The authors noted that the respondents in this study were all current or prospective college or vocational training students. It is possible that children of parents with disabilities who are not continuing their education or training may have different experiences. Also, there was a limited number of respondents in this study whose parents had intellectual or developmental disabilities. Children of parents with intellectual or developmental disabilities may have different experiences than the respondents in this study whose parents had other disabilities.

The authors concluded that children of parents with disabilities could have positive life experiences, develop high self-esteem, and go on to college. Connections with other families with disabilities and the family’s positive role within the community may contribute to more positive outcomes. Because children of parents with psychiatric disabilities may face particularly high levels of stigma these individuals may benefit from additional supports and efforts to reduce the stigma associated with psychiatric disabilities. Future research may be useful to identify other factors, such as aspects of the parents’ life histories, that may further shape outcomes for their children as they grow into adults.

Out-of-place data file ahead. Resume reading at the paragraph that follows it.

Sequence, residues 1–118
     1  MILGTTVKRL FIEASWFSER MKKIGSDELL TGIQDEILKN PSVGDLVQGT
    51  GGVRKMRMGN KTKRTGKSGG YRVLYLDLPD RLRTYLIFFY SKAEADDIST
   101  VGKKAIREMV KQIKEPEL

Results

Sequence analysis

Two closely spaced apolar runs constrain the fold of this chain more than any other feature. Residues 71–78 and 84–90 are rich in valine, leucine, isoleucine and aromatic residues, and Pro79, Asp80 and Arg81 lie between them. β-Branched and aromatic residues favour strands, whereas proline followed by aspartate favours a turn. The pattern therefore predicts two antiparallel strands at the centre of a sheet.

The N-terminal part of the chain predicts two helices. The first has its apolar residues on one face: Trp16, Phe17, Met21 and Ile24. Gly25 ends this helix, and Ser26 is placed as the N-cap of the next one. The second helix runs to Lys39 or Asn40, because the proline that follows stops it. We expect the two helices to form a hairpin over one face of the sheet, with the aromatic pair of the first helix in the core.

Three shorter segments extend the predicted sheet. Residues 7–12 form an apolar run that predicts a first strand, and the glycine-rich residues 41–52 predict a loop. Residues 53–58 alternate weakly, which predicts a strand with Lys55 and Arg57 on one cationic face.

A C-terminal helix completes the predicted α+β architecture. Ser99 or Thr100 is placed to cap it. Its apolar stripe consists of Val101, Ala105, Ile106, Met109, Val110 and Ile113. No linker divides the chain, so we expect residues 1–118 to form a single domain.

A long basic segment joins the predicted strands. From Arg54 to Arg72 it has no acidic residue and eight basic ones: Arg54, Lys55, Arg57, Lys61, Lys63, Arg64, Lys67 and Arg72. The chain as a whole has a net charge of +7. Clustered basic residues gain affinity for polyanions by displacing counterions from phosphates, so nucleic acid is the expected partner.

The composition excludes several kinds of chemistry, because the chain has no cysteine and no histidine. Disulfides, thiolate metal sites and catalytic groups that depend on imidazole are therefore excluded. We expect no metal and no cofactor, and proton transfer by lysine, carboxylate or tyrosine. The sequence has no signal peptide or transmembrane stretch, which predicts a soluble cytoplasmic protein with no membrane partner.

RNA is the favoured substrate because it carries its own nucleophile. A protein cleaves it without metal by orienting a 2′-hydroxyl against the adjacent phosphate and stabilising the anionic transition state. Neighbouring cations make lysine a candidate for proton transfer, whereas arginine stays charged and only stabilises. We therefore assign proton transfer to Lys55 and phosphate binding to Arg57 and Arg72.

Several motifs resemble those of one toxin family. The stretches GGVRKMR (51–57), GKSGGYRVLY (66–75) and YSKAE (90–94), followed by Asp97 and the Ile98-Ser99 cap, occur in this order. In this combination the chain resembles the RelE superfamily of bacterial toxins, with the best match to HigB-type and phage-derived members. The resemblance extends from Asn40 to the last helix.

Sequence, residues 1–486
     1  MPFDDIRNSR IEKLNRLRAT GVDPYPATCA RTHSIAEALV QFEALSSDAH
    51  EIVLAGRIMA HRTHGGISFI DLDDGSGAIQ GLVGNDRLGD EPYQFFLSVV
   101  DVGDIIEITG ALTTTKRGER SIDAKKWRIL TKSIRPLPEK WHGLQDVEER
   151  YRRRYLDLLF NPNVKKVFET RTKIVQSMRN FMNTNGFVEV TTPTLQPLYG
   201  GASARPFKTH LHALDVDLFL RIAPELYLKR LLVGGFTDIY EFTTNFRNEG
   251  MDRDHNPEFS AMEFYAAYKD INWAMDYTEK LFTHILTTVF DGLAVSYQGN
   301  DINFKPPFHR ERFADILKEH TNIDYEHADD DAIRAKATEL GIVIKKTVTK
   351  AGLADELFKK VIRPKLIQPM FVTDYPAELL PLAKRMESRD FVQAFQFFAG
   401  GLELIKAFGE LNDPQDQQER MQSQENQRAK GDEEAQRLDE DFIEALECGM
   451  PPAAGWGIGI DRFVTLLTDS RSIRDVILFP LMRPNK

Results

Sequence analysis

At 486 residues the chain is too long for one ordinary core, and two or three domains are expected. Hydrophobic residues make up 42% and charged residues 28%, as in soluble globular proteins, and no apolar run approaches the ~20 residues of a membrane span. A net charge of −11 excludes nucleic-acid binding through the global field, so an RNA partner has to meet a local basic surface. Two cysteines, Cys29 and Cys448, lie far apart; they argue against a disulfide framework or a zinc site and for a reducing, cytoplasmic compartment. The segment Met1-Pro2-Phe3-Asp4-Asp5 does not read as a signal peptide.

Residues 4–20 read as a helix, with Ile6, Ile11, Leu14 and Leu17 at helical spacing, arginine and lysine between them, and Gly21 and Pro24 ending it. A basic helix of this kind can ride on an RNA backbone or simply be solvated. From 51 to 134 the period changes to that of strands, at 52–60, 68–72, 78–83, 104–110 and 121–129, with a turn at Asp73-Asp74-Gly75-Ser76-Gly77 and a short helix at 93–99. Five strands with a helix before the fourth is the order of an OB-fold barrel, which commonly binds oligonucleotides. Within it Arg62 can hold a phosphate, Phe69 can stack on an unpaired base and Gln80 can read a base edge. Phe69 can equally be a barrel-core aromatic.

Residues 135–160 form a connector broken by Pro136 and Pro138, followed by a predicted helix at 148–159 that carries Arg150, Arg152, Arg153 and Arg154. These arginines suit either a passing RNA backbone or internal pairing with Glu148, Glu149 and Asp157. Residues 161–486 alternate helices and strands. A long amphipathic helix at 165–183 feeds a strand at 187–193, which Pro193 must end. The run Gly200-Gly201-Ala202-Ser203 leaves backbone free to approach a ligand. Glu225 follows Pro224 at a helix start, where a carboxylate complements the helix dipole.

To Learn More

Young people who received scholarships through the National Center for Parents with Disabilities at Through the Looking Glass submitted essays about their experiences of growing up with a parent with a disability. While each experience was unique, the essays are threaded with themes of the normalcy of growing up with a parent with a disability, and the resilience and strength of these families despite social and financial obstacles. The essays for scholarship winners from 2013 to 2016 are posted to Through the Looking Glass’ website, along with many resources for parents and grandparents with disabilities and their families: https://lookingglass.org/national-services/scholarships

The National Research Center for Parents with Disabilities conducts research and provides training and technical assistance to improve the lives of parents with disabilities and their families. Their website features resources for parents and professionals, including information sheets, how-to videos from parents to parents, and legal resources. http://heller.brandeis.edu/parents-with-disabilities/index.html

To Learn More About this Study

Jacob, J., Canchola, J. A., & Preston, P. (2018). Young adult children of parents with disabilities: self-esteem, stigma, and overall experience. Stigma and Health. This article is available from the NARIC collection.

Date published:
2019-02-13